To test the base grouting on a precast structure it must be possible to place the SASW sensor on either side of the join to be tested, and to compare dispersion graphs between grouted and ungrouted regions. In the example below the dispersion curve of a grouted region is flat, indicating the velocity remains constant through the whole distance of the join.

In an ungrouted example the dispersion curve velocity is flat for wavelengths corresponding to the shallow ungrouted region before the arrow, if numbers were presented it would also be somewhat lower/slower than the grouted test.

There is disturbance in the dispersion curve in the region bordering the void [Arrow mark] and the velocity begins to increase with depth, a typical response of a faster region [Grouted area allowing faster wave transmission] beneath a slower region [The voided area]. 

SASW Grout Test

Inspection of Rebar Pocket Grouting

Rebar pockets may be unlined or may have a metal or plastic conduit forming them. Ultrasonic Pulse Echo and Impact Echo tests may be completed from one side of the precast element to locate voids within the pocket. 

Ultrasonic Pulse Echo

Ultrasonic Pulse Echo instruments send a shear wave pulse into an element, recording the arrival time of echoes from within the material at receiving sensors. Energy is best reflected by air such as voids, delaminations or the far side of concrete. 

Practical scanners like the Pundit Live Array record many measurements using lots of sensor pressed to the concrete surface and produce an image that represents the internal structure of the concrete.

UPE Theory

In the example below an unvoided pocket returns less energy [as represented by a less intense colour coding, blue vs red] and allows the shear wave energy to strike outside and inside the pocket.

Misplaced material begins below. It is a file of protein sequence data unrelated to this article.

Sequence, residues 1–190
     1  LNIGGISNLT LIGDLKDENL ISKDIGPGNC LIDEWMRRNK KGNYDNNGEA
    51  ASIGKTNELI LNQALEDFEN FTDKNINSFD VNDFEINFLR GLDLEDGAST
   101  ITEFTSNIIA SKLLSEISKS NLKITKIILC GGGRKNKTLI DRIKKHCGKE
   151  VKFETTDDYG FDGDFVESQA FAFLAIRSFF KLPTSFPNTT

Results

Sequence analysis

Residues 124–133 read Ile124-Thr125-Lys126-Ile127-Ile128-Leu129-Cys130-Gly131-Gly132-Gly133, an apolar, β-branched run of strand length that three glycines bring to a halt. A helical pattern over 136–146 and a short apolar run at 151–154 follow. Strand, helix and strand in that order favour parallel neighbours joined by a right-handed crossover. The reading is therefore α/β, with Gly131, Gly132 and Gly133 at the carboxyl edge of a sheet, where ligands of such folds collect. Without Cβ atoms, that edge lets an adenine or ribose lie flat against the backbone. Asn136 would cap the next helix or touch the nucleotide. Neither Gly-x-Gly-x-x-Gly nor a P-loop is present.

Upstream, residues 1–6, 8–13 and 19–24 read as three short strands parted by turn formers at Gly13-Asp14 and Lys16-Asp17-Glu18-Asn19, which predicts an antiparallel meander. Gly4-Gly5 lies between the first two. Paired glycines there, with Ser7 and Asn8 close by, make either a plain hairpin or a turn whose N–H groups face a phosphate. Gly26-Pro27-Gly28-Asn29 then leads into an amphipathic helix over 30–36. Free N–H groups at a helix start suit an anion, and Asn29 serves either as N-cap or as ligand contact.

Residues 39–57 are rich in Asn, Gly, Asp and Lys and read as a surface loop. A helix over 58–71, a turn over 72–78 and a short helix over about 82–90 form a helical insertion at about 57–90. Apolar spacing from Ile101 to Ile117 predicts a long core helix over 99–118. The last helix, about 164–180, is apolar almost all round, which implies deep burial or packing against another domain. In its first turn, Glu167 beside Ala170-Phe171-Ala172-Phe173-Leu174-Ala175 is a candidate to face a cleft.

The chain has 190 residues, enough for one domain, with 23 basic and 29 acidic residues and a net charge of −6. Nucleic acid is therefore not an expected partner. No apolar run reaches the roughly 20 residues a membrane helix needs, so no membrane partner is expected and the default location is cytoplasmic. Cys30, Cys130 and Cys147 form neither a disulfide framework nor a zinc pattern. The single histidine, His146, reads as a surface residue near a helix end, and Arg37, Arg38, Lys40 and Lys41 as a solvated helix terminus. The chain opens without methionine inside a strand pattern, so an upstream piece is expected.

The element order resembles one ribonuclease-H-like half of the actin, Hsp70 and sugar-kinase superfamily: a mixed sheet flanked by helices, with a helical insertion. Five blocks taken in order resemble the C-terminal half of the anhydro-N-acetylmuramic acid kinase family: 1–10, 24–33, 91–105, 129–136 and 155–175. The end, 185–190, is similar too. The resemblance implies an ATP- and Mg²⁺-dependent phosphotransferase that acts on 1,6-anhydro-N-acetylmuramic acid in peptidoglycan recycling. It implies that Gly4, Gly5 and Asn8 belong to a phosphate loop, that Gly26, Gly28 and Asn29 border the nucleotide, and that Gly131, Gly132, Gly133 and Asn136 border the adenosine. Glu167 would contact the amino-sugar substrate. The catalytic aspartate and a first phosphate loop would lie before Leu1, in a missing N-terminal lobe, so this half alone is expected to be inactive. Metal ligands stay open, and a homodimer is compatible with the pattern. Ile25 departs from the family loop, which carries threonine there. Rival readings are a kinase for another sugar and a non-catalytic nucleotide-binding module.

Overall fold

UPE Duct Bscan

Ultrasonic Pulse Echo data is very flexible in presentation. C-Scan images present a slice at a specific depth of an element and may be used to show the length of a duct, and any suspect regions within. In the example the very strong echo from an empty duct is seen in the second C-Scan.

UPE Duct Cscan Grouted

UPE Duct Cscan Voided

Impact Echo

Impact echo testing is a resonance test of concrete, it has geometric limitations that make it most effective in slabs, walls, and other flat elements.

Impact Echo data is presented as a chart of the sound Frequency Spectrum from tapping the material, mapped to amplitude [Energy] the highest energy peak is the dominant frequency, which in a simple slab or wall is related to the thickness.

IE Theory

For the specific application of investigating grouted pockets in an element the test is taken directly on top of the pocket. The dominant frequency is now controlled by both thickness and the hollowness of the grouting pocket. 

IE Duct Grouted

Practically an inspector can compare the average dominant frequency of tests on compliant pockets to a specific test, and if the frequency deviates from this average it indicates a lack of grouting. The most common effect of a void is a "Red Shift" a decrease in the dominant frequency, illustrated below. 

IE Duct Voided

Please note the examples above are indicative of expected or possible test results and are not a guide to interpretation, it is very important to trial any technique on a structure and to determine its suitability and sensitivity to defects in that structure. Contact your Local PCTE representative to set up a demonstration or trial. 

VIC:

Stuart McCurdy

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Monica Simhadri

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QLD:

Michael Dubery

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NZ:

Jun Han Lee

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M: +64 274 738 758

WA:

(Head Office)

T: (08) 9322 4020

Derek Burns

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M: 0498 800 373

Reuben Barnes

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M: 0408 034 668

NSW:

William Ward

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Warehouse / Service Centre